Page to Stage 2 builds on the work done in Page to Stage 1, teaching students techniques for building a character to help them to play more challenging roles. Techniques of dramaturgical analysis, ‘scoring’ a role and marking up a text provide the basis for building complex characters, with varied and unusual life experience; where Page to Stage 1 helped students to play characters that were much like themselves Page to Stage 2 challenges students to build characters very different from them. Physical skills, for example ‘animal work’, help students to find a physical lexis for presenting the dramaturgical information about characters that they have uncovered through text analysis.

    • Self and Character (ACT4004)

      This module is all about preparing actors to work in a profession with certain innate dangers to personal mental and physical health. The process of adopting a character, and enacting a role can mean that actors have to negotiate some very personal feelings and experiences, and giving them tools to do this is in a healthy and sustainable way is what this module is all about. This module will include 2, 2 hour talks that introduce our School and programme level employability related opportunities and support, including details of the optional placement year.

    • Production 1 (ACT4005)

      This module develops basic expressive vocal and movement skills necessary for the successful interpretation of dramatic and non-dramatic performative material. Through workshop study, the student will embark on a creative exploration of the physical and mental processes embedded in core traditions of actor training.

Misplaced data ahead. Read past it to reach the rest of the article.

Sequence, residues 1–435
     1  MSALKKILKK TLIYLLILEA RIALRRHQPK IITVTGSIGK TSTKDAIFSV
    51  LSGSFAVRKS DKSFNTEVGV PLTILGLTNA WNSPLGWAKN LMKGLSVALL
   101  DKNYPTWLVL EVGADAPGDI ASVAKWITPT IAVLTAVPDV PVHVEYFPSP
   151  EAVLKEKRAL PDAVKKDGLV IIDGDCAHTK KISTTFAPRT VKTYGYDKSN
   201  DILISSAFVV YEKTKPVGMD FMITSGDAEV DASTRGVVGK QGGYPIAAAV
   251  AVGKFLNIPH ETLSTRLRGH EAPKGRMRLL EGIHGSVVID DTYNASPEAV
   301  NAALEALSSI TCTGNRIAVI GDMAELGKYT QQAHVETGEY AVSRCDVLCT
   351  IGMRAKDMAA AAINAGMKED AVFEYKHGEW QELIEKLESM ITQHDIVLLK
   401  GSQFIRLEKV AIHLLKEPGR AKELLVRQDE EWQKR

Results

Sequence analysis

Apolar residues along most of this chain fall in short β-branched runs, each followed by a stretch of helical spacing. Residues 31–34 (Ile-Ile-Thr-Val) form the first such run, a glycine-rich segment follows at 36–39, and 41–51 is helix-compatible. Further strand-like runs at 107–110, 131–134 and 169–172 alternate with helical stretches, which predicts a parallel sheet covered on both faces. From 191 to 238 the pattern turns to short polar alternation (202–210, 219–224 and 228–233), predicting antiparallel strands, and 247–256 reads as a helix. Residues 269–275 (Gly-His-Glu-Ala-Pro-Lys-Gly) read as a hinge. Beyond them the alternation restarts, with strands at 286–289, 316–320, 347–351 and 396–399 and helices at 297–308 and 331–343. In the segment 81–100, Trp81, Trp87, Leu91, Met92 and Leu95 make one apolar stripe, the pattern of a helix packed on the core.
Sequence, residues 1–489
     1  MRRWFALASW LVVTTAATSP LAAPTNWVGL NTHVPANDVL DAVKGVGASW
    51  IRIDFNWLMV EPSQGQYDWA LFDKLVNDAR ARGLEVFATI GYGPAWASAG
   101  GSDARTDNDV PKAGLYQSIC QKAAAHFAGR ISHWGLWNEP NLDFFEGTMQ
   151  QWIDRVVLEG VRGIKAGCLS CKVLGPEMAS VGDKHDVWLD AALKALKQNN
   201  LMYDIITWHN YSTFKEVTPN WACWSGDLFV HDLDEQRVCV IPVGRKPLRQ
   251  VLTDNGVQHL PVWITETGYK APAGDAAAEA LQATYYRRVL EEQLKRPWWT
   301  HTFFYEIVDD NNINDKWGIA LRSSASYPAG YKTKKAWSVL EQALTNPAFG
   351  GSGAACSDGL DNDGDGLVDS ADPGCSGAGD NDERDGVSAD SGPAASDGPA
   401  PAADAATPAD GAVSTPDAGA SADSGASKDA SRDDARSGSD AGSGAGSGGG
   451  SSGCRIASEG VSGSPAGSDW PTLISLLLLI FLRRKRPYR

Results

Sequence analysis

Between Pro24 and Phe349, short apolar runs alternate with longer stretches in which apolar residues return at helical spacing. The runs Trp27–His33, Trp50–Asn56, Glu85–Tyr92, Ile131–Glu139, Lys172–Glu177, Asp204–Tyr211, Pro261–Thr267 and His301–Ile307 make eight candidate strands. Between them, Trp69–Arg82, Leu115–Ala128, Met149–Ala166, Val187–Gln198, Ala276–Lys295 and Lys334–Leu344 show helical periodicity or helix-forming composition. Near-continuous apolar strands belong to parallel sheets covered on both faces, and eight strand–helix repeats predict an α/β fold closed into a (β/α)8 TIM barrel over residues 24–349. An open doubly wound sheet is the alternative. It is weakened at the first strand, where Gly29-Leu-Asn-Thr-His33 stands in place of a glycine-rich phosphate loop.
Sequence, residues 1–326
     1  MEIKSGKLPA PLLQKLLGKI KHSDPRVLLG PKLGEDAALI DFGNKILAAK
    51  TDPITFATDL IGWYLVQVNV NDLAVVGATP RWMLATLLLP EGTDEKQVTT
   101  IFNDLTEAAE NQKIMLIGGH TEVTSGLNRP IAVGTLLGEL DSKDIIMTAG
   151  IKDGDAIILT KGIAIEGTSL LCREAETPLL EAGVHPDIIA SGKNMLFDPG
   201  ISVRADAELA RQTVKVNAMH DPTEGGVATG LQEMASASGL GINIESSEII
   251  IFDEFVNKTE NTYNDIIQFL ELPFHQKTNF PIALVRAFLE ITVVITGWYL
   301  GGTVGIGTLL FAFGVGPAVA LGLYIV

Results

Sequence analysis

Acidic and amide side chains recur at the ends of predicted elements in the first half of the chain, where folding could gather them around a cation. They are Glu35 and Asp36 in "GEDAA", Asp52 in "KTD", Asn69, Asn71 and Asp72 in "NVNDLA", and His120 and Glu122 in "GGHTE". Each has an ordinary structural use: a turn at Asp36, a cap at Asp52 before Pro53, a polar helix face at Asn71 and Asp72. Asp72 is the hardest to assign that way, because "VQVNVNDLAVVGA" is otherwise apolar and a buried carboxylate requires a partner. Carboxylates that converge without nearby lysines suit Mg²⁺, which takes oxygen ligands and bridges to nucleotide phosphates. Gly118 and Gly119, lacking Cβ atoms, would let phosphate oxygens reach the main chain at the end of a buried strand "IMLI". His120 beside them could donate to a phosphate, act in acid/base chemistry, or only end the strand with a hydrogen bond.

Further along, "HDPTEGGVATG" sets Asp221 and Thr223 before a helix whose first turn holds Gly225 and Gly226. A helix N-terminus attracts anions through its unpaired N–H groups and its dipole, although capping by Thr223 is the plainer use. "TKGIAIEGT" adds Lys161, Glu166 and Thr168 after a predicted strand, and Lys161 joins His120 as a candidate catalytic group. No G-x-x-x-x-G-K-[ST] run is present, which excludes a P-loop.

• The Body in Performance (PER4001)

      This module positions all performance practice as the product of its own specific cultural setting. Aiming to resist a Western-centric approach, the module explores performances from different cultures whilst providing a context and awareness of the key issues and debates surrounding intercultural/cross-cultural theory and practice. It problematises the issues of theatre, culture and ideology: the politics and problems of cultural contact and exchange.

  • Year 2

  • Take on new acting challenges; performing for audio, podcast and voice-over and learn audition techniques and play the House main stage in two productions.

    Core modules

    • Production 2 (ACT5001)

      This module complements and builds on the work done in Page to Stage 1 & 2 by teaching students how to play their character alongside other characters, and actors on stage. This module introduces scene performance (and not just monologue) and teaches students methods and approaches to ‘reacting’. Students will be able to apply the skills and techniques acquired through Page to Stage 1 & 2 in this module, and will learn how to apply these skills when working alongside other actors in the presentation of fully realised scenes and plays.

    • Production 3 (ACT5003)

      This module introduces students to the skills techniques and process required to produce a theatrical text for an audience. By offering a contextual and historical grounding of chosen playwrights, students will be introduced to key theories of contemporary theatre making. Through dramaturgical research and intensive practice, students will explore the ideological, cultural and social concerns of contemporary theatre. This study will culminate in the production of a public performance.

    • Performance Practices (PER5002)

      This module encourages students to find their creative voice through the exploration and application of a specific performance practice. Students will develop and practically interrogate the skills and understandings that establish specific forms of contemporary performance practice as both skilled activities and culturally significant artistic statements.